OCGC Seminar - Dr. Paul Gammon


Isotopes as a potential fingerprinting tool in the 

Athabasca Oil Sands Region


Dr. Paul Gammon
Research Scientist, Geological Survey of Canada


Dr. Gammon is also an Adjunct Professor with our department. 

Dr. Paul Gammon standing in body of water

Thursday, November 12th, 2015
11:30 a.m.  

3120 HP
Carleton Universty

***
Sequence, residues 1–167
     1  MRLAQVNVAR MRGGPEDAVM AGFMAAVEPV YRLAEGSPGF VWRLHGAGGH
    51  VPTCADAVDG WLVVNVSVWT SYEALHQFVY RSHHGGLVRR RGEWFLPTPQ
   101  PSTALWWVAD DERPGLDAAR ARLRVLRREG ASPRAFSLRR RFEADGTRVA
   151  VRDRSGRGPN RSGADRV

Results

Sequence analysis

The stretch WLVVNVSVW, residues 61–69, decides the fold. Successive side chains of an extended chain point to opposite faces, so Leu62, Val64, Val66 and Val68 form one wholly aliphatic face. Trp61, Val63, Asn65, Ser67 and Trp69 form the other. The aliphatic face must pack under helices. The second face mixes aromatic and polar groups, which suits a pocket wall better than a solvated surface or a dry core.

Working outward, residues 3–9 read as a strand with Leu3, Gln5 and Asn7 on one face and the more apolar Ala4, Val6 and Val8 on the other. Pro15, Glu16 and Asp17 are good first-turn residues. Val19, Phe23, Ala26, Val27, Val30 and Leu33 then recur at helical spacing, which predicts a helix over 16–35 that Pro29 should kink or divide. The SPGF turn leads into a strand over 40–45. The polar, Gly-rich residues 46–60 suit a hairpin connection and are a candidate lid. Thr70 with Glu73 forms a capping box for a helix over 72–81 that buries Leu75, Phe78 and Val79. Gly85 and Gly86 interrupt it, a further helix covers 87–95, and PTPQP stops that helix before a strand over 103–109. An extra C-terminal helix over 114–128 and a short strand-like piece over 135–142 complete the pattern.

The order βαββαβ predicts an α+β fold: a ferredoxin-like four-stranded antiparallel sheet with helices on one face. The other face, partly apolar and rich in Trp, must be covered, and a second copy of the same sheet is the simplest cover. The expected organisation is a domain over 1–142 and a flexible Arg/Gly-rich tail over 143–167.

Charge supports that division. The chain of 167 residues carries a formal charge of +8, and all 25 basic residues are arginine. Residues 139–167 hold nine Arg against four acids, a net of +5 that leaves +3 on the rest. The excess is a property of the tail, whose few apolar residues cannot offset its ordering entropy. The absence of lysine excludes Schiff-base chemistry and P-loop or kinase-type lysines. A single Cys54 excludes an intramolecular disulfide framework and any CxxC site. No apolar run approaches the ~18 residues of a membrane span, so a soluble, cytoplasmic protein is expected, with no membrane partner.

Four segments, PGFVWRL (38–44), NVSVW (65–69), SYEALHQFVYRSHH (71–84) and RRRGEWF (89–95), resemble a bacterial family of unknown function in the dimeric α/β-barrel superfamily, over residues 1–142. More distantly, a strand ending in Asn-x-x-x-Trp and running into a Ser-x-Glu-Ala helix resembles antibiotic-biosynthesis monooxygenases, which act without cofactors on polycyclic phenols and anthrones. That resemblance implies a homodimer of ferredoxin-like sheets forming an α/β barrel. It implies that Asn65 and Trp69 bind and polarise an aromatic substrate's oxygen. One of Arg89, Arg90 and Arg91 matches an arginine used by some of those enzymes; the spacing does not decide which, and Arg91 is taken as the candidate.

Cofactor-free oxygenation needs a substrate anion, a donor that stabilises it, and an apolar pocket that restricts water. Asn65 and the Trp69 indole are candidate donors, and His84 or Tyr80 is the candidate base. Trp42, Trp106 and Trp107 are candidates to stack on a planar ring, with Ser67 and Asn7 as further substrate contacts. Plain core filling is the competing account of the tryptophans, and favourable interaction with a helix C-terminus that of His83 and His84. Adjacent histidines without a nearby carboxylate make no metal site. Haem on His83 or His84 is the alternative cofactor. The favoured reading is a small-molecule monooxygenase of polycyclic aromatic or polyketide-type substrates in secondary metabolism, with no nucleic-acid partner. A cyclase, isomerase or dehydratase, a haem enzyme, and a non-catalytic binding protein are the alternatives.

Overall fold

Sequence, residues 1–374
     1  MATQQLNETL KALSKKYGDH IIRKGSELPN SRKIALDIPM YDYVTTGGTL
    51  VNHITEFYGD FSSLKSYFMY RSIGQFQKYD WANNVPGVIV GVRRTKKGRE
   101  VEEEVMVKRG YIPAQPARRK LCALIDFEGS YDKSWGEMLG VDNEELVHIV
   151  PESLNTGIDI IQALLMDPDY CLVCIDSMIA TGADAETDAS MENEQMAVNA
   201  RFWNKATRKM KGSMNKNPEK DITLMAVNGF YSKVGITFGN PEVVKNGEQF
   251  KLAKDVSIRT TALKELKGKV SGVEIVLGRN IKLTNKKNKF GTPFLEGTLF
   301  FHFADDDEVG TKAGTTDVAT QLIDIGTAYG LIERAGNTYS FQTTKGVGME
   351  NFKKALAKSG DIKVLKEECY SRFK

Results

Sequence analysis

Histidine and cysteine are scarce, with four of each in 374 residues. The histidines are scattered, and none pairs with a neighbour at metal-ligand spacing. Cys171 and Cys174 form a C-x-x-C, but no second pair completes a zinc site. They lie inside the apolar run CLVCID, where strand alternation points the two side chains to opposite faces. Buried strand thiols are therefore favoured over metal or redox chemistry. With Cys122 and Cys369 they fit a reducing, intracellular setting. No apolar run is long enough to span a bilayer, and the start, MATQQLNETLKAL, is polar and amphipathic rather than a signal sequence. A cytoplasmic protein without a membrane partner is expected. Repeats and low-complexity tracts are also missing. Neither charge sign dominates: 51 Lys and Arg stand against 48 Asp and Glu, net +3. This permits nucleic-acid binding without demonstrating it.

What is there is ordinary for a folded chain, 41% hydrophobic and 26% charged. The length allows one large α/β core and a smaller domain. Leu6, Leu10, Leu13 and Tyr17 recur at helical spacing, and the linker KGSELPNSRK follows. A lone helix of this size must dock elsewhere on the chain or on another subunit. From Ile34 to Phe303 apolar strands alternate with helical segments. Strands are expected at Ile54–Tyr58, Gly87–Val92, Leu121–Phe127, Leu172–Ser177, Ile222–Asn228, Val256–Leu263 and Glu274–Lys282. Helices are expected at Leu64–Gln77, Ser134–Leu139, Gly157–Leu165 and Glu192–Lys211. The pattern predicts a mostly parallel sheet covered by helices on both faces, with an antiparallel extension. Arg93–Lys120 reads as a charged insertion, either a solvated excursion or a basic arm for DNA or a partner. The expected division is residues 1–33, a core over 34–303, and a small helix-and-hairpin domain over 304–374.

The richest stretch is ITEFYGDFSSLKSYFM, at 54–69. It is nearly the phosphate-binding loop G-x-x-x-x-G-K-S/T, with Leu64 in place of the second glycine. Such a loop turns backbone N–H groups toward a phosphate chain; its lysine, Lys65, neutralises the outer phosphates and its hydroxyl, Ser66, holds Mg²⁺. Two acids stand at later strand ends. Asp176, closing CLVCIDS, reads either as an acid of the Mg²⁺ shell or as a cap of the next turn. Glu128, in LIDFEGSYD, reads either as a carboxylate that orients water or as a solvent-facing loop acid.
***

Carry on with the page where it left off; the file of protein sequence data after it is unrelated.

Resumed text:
The environmental footprint of the Athabasca Oil Sands (AOS) industrial operations is a contentious debate revolving around what contamination is natural, and what is industrial in origin. Outcropping McMurray Formation oil sand has been invoked by AOS industry proponents as evidence of substantial natural loading of environmental contaminants. In contrast, AOS industry opponents have used high contaminant concentration data from around the operations as evidence for a high environmental cost. Regulatory bodies traditionally use concentration data, which is abundant for the AOS region, to define contaminant loadings. However, what is clear is that this data is insufficient to identify, let alone quantify, what portion is industrial and what is natural. The SOURCES Project of the Environmental Geoscience Program of the Geological Survey of Canada (GSC) has taken a different approach, taking as its working hypothesis that novel isotopic methods can fingerprint different sources of contaminant loading and thus be used as a method for apportioning natural versus industrial loadings. Implicit in the hypothesis is that the industrial activity alters the isotopic signature of a component and this offset then becomes a fingerprinting and quantifiable feature. For inorganic components in particular, this is further complicated by generally very low concentrations of metals in the AOS region, and rock-water interactions that can produce further isotopic fractionation.